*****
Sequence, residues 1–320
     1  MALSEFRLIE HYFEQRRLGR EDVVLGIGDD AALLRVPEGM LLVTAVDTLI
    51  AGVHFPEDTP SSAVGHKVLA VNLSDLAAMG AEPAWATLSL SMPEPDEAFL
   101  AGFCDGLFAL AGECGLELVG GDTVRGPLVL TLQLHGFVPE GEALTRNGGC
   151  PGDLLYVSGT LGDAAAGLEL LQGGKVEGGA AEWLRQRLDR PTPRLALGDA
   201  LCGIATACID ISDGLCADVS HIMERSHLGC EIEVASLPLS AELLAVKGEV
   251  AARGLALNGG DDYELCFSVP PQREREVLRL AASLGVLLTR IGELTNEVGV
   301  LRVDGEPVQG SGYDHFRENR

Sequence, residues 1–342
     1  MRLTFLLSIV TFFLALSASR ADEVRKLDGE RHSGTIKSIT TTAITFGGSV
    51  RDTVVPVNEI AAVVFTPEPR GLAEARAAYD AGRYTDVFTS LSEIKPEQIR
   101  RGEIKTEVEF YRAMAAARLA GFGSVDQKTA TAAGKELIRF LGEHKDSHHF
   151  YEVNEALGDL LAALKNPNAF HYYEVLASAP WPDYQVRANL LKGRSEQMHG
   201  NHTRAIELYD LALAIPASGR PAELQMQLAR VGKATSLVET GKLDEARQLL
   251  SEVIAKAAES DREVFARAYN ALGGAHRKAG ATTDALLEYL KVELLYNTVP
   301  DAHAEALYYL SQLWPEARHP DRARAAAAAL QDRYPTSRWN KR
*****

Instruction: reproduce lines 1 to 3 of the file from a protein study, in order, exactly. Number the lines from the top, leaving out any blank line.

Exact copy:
Sequence, residues 1–320
     1  MALSEFRLIE HYFEQRRLGR EDVVLGIGDD AALLRVPEGM LLVTAVDTLI
    51  AGVHFPEDTP SSAVGHKVLA VNLSDLAAMG AEPAWATLSL SMPEPDEAFL